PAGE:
Article II of the Constitution establishes the executive branch of the federal government; Section II of Article II specifically details the powers inherent in the office of President of the United States. The Founding Fathers imagined the office to be powerful, yet limited. Throughout history, however, presidents have frequently tested the limits of their powers—and of the Constitution—on national security, war powers, and push-pull interactions with the legislature.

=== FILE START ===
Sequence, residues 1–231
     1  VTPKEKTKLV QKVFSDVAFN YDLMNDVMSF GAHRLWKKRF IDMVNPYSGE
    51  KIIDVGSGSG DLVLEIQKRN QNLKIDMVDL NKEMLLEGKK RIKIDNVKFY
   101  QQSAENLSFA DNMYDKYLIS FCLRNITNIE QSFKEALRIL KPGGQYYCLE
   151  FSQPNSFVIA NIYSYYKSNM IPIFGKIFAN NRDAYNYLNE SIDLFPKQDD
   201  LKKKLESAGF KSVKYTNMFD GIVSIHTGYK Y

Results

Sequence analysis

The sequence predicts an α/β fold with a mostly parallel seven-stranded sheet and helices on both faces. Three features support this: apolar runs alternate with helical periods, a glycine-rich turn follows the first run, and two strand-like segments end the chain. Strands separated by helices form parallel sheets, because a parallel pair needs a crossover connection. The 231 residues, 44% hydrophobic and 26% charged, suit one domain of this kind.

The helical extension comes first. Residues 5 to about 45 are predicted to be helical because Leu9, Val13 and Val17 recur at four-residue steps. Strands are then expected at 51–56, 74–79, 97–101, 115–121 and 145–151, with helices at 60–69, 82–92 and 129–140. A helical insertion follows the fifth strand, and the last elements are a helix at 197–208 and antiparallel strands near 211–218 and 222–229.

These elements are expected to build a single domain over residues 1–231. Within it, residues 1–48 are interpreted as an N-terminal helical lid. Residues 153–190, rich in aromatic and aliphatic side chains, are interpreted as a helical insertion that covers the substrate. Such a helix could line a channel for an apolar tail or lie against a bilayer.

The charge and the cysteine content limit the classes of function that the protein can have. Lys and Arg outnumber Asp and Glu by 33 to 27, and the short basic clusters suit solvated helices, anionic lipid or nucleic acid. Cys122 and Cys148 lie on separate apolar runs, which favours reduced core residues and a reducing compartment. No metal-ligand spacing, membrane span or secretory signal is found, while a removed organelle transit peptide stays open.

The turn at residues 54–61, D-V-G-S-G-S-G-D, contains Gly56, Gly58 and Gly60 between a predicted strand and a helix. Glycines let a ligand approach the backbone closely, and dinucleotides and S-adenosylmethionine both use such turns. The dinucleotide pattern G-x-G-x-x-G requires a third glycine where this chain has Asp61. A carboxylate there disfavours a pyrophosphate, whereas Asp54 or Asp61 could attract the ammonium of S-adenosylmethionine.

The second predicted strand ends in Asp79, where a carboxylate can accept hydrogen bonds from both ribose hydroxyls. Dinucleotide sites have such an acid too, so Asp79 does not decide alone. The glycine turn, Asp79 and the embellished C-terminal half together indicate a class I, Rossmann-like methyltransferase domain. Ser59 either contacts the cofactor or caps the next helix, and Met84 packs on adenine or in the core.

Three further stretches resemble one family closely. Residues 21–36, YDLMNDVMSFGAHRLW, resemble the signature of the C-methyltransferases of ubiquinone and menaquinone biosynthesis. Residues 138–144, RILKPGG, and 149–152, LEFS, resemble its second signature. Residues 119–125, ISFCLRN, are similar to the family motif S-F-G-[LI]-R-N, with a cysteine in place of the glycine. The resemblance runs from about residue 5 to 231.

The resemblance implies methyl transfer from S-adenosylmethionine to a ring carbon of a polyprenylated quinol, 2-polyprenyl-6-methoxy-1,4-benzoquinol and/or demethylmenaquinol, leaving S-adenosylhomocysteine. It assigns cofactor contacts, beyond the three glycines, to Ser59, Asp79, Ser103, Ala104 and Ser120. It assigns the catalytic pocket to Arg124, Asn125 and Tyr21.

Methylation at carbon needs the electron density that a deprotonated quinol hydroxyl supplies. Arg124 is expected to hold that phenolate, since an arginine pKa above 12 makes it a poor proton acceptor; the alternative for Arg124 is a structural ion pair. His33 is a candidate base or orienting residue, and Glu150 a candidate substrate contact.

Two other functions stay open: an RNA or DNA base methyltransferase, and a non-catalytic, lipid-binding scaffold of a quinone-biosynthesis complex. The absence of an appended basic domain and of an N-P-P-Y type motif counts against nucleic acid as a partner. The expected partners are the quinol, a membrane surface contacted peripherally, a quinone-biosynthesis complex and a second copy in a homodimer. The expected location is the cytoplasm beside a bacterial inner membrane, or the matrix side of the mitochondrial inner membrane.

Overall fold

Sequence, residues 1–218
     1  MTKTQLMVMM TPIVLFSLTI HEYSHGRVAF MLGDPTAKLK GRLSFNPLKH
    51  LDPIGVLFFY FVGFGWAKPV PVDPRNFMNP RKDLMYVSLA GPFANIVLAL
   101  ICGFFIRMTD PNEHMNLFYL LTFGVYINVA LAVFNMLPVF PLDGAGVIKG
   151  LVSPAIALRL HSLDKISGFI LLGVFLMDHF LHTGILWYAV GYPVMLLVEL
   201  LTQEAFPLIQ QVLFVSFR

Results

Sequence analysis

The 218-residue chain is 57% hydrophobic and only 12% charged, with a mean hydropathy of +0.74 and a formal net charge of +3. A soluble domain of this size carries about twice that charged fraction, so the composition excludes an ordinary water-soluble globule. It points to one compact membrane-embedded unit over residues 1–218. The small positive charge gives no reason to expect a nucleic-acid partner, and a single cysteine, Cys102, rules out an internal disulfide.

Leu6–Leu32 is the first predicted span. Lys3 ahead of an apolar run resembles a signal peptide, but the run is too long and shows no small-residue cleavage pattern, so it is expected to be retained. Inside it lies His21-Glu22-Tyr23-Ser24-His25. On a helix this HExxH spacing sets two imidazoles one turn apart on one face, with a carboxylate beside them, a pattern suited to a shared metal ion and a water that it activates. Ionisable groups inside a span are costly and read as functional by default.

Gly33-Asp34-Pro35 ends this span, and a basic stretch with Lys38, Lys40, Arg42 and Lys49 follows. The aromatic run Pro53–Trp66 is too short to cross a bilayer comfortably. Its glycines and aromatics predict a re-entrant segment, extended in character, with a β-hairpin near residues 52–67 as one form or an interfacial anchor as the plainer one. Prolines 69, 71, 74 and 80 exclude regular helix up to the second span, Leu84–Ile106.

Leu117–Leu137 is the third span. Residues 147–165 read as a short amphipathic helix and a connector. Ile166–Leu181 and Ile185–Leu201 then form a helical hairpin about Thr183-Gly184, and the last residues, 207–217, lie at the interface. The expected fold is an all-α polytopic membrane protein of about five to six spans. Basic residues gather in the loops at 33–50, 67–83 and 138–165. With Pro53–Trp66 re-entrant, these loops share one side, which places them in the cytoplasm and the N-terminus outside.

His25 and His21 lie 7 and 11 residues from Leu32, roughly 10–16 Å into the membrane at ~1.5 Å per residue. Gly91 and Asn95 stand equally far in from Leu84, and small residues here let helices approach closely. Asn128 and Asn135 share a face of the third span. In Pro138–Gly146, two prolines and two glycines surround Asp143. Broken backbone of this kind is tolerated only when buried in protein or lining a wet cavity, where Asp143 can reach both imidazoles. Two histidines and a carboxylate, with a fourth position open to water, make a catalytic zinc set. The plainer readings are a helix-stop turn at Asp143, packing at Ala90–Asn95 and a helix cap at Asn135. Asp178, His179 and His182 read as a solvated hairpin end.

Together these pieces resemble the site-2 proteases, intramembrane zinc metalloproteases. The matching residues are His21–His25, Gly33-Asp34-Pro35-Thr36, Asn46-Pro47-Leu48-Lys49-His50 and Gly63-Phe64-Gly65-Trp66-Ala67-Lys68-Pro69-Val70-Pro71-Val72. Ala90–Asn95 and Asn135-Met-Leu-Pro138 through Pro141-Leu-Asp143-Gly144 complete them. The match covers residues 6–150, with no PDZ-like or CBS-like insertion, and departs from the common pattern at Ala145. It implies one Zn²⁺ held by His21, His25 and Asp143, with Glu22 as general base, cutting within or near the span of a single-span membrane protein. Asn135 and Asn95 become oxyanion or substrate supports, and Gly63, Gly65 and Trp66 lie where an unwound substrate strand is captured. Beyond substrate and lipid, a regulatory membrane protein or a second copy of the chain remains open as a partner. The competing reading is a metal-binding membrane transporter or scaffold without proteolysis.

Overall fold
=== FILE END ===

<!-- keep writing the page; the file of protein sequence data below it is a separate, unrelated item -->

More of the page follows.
Recently, questions about the President's ability to declare a national emergency, to grant pardons, to impede Justice Department investigations, and to govern through executive orders have ignited debate about the power of the presidency in the 21st century.
How much power should a president have? Should he or she be above the law? What does the Constitution say? How can the other two branches serve as a check on presidential power—and what happens when they fail to do so? What are the implications of expanded presidential power on our democratic traditions?
Join us for a beer as local political science and legal experts weigh in.
This course has been approved by the Supreme Court of Ohio Commission on Continuing Legal Education for 1.00 total CLE hour(s) instruction.